Data may be revised to include amended information or reports from respondents that are received after the end of a collection cycle. Revisions are disseminated in subsequent periods and reflected in the Common Output Data Repository.
The methodology of this survey has been designed to promote data accuracy. Since data are collected from all Canadian producers of asphalt roofing products as defined in the observed population, the resulting estimates are not subject to sampling error. However, the results are still subject to the non-sampling errors associated with coverage, non-response, inaccurate reporting, and processing. Errors relating to coverage and non-response can be measured. All attempts are made to control inaccurate reporting and processing errors.
The collection response rate for this survey for the 12 months of 2023 is set at 100 %.
Some respondents may be unable to provide data for numerous reasons (i.e., fire, theft, strike, economic hardship, etc.), while others may be late in responding. To minimize non-response, delinquent respondents are followed up rigorously by phone or fax. Data for non-responding units are imputed using industry trends and other related information. Data are revised at a later date, if completed questionnaires are received after the end of a collection cycle.
Non-response rate is calculated using the number of non-responses in the year divided by the number of total expected responses in the year.
Coverage errors consist of omissions, erroneous inclusions, duplications and misclassification of units in the survey frame.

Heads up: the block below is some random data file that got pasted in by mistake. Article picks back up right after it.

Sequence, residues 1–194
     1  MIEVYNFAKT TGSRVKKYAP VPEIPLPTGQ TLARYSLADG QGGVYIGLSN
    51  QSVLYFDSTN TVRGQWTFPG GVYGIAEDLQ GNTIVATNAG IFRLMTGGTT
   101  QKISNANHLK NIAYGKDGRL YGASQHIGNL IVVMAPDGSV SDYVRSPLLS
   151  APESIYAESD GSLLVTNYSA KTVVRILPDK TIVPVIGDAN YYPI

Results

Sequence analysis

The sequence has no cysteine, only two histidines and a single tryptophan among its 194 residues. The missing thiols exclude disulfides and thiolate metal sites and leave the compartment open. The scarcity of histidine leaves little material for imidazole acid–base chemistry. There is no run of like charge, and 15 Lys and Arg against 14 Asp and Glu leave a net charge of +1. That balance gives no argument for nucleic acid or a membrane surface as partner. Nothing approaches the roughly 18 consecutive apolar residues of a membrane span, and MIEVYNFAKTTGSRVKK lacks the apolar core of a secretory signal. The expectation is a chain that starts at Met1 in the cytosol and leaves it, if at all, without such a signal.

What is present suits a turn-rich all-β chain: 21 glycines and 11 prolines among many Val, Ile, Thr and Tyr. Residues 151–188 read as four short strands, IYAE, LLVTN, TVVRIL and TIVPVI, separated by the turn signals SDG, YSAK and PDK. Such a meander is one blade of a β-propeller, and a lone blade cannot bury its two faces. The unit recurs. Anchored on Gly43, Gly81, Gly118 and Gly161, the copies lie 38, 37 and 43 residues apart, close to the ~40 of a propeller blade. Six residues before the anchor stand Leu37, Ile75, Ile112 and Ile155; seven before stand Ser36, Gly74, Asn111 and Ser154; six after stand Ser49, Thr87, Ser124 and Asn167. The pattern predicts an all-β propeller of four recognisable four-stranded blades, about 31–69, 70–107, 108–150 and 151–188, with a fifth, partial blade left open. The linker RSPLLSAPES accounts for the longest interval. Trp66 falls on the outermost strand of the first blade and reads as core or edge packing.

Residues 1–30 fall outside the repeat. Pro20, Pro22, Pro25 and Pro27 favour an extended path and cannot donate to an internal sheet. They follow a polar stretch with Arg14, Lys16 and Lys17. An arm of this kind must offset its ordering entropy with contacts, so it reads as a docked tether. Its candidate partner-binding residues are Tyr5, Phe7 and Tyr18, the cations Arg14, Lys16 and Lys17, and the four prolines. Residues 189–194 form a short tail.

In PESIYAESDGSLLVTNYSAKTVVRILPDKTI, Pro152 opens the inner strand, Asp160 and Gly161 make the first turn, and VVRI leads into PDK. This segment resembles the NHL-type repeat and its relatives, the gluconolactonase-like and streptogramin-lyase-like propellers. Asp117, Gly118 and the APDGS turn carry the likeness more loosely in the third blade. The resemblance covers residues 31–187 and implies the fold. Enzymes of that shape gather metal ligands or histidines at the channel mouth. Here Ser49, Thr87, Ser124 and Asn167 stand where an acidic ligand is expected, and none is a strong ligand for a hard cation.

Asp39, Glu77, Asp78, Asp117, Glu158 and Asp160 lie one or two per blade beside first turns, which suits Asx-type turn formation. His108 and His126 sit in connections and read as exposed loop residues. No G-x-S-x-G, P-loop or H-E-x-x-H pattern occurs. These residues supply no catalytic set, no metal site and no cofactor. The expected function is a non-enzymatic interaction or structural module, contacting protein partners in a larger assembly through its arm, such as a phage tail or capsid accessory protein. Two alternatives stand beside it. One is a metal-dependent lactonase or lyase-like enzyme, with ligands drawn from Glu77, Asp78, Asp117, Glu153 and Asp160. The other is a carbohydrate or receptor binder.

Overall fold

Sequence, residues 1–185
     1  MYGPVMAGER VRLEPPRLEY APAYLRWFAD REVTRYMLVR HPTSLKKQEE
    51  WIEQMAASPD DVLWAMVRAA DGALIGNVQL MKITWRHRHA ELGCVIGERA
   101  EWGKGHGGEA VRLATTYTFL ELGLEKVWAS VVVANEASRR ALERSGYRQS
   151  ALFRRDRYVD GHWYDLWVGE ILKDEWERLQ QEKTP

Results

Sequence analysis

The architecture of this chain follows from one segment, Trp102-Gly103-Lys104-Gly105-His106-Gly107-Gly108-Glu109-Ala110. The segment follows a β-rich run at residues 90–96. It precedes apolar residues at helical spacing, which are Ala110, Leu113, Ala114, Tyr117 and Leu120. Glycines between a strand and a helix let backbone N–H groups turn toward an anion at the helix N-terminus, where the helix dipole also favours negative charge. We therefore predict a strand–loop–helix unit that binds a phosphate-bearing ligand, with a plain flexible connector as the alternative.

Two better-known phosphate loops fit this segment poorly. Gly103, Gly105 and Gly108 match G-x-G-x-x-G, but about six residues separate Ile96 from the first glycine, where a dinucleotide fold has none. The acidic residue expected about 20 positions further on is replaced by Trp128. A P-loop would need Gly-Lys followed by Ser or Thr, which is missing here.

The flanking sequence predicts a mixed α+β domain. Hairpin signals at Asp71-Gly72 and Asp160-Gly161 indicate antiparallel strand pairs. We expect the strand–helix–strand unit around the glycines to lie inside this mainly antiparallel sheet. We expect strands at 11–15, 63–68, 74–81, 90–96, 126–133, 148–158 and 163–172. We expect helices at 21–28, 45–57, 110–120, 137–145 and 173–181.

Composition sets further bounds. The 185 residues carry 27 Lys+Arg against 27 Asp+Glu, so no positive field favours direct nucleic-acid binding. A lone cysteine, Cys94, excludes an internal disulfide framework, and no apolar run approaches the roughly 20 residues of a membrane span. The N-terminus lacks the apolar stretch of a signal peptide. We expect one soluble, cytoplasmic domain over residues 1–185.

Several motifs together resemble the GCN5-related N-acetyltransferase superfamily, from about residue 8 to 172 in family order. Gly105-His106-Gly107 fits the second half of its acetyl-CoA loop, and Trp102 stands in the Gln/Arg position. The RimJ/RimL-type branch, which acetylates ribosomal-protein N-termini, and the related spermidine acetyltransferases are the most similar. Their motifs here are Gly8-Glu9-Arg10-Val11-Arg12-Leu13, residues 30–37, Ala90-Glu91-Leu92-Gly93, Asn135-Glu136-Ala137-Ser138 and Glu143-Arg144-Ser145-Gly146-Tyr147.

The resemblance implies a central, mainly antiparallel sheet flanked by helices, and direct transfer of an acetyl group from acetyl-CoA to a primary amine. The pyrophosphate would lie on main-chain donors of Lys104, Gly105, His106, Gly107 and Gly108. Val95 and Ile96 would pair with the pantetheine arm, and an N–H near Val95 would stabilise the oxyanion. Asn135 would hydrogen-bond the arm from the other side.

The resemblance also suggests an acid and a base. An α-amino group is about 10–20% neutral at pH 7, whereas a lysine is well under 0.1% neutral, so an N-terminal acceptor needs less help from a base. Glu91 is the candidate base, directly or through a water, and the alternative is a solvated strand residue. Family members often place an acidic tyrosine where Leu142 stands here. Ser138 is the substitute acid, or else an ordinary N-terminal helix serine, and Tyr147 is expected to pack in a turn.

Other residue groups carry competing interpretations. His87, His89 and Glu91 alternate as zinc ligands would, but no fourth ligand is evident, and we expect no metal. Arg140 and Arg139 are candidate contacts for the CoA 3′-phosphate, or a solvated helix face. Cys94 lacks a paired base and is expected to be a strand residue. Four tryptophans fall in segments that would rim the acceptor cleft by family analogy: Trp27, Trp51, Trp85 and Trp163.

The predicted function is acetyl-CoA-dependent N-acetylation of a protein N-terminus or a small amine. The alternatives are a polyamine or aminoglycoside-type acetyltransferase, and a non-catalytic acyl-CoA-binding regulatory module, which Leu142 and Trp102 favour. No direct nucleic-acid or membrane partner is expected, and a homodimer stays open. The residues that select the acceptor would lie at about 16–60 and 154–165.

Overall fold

Statistics Canada's Business Register (BR) provides the frame for the Asphalt Roofing survey. The BR is a data service centre updated through a number of sources including administrative data files, feedback received from conducting Statistics Canada business surveys, and profiling activities including direct contact with companies to obtain information about their operations and Internet research findings. Using the BR will ensure quality, while avoiding overlap between surveys and minimizing response burden to the greatest extent possible.
Other non-sampling errors:
These errors may occur at various stages of processing such as coding, data entry, verification, editing, weighting, tabulation, etc. Non-sampling errors are difficult to measure. More important, non-sampling errors require control at the level at which their presence does not impair the use and interpretation of the results.
Measures have been undertaken to minimize the non-sampling errors. For example, units have been defined in a most precise manner and the most up-to-date listings have been used.
Questionnaires have been carefully designed to minimize different interpretations. As well, detailed acceptance testing has been carried out for the different stages of editing and processing and every possible effort has been made to reduce the non-response rate as well as the response burden.